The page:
As mentioned earlier, these developments provide immense opportunities as well as challenges to the content creation eco-system. This is a very good time for content creation companies who are willing to adapt to the ever-evolving market in a VUCA world and capitalise when others fail.
Q: The recent web-series “Harmony” has won the hearts of many with Mr. A R Rahman’s soulful anchoring, it has also brought some inspirational stories of artists into the limelight. Are there plans to create similar series to promote talent and revive dying art forms, traditions and folklores in music?
A: Thank you for your observations on Harmony. This was an inspirational project for both Kavithalayaa and our anchor, Mr. A.R. Rahman and I am happy to share that the lives of these musicians (unsung heroes until Harmony) have started to change positively! We have several new and innovative ideas following up on Harmony for making into features on both digital and broadcast channels. India has the richest repository of art, culture, traditions and folklores which need to get global attention and recognition. Films and documentaries are the best ways to achieve this goal and as such, Kavithalayaa will focus on creation of similar world-class shows such as Harmony. We propose to announce these projects early next year.
Advice to youth: Follow your passion but realize that there are no shortcuts to success in this profession (or any other). Work hard to develop and master your skills whether it is writing, acting, singing or dancing. Practice makes perfect!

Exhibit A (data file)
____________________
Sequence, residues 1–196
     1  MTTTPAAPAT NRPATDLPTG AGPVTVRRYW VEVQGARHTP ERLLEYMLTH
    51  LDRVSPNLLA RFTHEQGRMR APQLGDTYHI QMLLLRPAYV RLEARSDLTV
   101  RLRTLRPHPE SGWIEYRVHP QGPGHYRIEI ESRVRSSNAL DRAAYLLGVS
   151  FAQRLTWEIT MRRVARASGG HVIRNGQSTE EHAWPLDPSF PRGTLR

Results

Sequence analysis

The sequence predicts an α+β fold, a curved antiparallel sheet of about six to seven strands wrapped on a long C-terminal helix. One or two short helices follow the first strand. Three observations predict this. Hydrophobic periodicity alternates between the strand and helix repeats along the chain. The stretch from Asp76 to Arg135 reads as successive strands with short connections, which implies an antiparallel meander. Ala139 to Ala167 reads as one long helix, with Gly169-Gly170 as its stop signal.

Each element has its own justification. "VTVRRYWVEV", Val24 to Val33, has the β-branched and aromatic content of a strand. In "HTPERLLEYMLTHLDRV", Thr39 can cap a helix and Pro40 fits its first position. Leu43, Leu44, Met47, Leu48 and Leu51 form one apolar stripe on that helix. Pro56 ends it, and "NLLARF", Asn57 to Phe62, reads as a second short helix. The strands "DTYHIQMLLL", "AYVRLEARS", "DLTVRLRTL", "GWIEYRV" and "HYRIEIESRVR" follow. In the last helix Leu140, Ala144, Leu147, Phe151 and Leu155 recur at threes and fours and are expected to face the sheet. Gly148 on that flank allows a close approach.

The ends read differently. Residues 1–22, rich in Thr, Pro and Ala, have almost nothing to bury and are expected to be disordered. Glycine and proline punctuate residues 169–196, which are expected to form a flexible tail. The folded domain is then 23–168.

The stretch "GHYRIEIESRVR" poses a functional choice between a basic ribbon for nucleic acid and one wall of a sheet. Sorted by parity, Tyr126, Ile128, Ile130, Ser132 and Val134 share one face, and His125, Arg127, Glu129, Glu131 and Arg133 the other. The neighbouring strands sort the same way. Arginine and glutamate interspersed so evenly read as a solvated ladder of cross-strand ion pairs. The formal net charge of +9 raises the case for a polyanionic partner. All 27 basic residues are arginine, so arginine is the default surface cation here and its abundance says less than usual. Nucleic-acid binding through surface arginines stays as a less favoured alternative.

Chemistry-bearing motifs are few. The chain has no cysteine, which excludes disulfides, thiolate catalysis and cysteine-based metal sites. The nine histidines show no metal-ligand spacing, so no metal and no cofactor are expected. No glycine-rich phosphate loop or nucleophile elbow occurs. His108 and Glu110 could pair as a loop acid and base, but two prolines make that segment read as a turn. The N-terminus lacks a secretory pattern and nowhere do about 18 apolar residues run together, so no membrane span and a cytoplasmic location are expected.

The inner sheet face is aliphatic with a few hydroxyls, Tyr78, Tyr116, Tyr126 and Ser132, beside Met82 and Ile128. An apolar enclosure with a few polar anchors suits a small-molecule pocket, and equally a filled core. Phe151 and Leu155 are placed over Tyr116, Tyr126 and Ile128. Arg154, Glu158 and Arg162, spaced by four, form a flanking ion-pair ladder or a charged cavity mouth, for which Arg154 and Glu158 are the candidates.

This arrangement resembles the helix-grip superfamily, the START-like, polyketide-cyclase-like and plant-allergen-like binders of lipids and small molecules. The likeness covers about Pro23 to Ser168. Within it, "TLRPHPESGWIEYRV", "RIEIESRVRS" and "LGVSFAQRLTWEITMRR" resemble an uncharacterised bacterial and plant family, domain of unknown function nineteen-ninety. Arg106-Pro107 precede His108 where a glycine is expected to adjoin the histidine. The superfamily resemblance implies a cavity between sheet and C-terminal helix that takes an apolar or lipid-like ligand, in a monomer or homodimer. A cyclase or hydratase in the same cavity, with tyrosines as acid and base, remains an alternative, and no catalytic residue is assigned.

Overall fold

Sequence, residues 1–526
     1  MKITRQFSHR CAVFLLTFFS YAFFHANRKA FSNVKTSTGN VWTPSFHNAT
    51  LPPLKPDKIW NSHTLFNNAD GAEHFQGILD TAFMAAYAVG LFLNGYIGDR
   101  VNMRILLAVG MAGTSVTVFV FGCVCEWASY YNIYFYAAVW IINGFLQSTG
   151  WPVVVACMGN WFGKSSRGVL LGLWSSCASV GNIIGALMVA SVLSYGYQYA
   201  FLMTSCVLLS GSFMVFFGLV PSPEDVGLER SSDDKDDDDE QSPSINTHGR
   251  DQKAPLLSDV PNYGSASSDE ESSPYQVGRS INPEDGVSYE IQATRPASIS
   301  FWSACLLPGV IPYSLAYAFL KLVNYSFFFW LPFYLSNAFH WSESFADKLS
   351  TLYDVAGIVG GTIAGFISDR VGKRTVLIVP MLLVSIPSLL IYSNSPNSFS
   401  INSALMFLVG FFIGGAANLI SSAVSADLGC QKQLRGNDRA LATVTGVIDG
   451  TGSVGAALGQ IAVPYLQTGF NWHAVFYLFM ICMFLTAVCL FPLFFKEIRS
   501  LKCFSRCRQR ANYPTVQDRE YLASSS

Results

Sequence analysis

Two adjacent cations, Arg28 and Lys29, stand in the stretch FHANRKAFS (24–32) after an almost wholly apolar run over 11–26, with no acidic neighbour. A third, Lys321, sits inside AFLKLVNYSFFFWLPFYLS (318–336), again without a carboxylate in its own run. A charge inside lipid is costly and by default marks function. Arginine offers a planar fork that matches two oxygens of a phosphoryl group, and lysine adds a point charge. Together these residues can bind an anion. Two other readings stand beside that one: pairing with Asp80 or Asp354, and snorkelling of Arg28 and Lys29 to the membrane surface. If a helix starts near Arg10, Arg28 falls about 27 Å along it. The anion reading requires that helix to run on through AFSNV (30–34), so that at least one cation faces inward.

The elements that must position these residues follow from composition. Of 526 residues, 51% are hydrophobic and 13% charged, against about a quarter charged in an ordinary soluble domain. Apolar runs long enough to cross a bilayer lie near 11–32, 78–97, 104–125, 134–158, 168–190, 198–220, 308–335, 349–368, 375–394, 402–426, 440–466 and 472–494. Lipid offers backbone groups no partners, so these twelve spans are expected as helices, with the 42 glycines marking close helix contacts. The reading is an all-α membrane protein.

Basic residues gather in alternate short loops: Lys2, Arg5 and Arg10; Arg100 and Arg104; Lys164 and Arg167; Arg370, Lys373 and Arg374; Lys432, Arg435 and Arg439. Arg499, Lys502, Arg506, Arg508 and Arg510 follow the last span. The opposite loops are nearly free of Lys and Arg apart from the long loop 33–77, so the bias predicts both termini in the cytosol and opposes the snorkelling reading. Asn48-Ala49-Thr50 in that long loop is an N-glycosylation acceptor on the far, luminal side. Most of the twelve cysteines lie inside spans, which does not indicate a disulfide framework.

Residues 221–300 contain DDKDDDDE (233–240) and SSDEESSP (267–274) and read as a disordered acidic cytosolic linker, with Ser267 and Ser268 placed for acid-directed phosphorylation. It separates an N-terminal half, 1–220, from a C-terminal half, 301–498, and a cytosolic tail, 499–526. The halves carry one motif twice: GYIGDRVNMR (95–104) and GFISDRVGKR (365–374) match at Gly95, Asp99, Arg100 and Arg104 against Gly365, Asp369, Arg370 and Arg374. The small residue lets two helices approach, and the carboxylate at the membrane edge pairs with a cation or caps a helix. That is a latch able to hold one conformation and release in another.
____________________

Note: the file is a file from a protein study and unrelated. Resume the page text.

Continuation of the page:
Q: How can we leverage digital platforms and social media to recognise the artists, appreciate their art as a socially conscious endeavour to identify and promote talent, thus formalizing their entry into the industry?
A: The best way to do this is to make more shows like we did with Harmony. Production houses should realize that while fiction shows are based on mass popularity, non-fiction shows that showcase our culture and traditions also have a sizeable niche audience globally.
We need to also sensitize digital platforms like Netflix, Amazon and also the domestic players on setting aside some airtime or bandwidth for promoting shows that recognise artists and bring out their stories to the people.
Q: Please share your views on the need for formal education and training in the field Media and Entertainment in India.
A: There is no doubt that we need formal education and training in the field of Media and Entertainment. The field has been driven so far only by motivated self-education and working under seniors. This should be complemented by a systematic education.
I believe that Media and Entertainment should become a part of the high school curriculum starting from Standard 9 – 12 covering subjects like Creative Writing, Basics of Visual communication, Art of Storytelling and related topics. This should organically integrate with our B.Sc Visual Communication degree at the College level and further lead to specialized programmes at the PG level. All these programmes should keep in mind internships and industry exposure for at least 3 – 4 months as part of the curricula.
In my own small way, I would like to share that I designed and conceptualized what is now recognized as India’s pioneering course on the Business of Media and Entertainment in 2008. The elective course is delivered by me in the top Business and Communication Schools of India, IIM Ahmedabad, Indian School of Business and MICA (Mudra Institute of Communications, Ahmedabad). The focus of the course is on the business aspects and challenges in managing creative industries such as Film, Television and music and ways to deal with the risks and opportunities.This effort has resulted in new knowledge creation in the sectors mentioned thanks to the interaction with bright young minds of this country.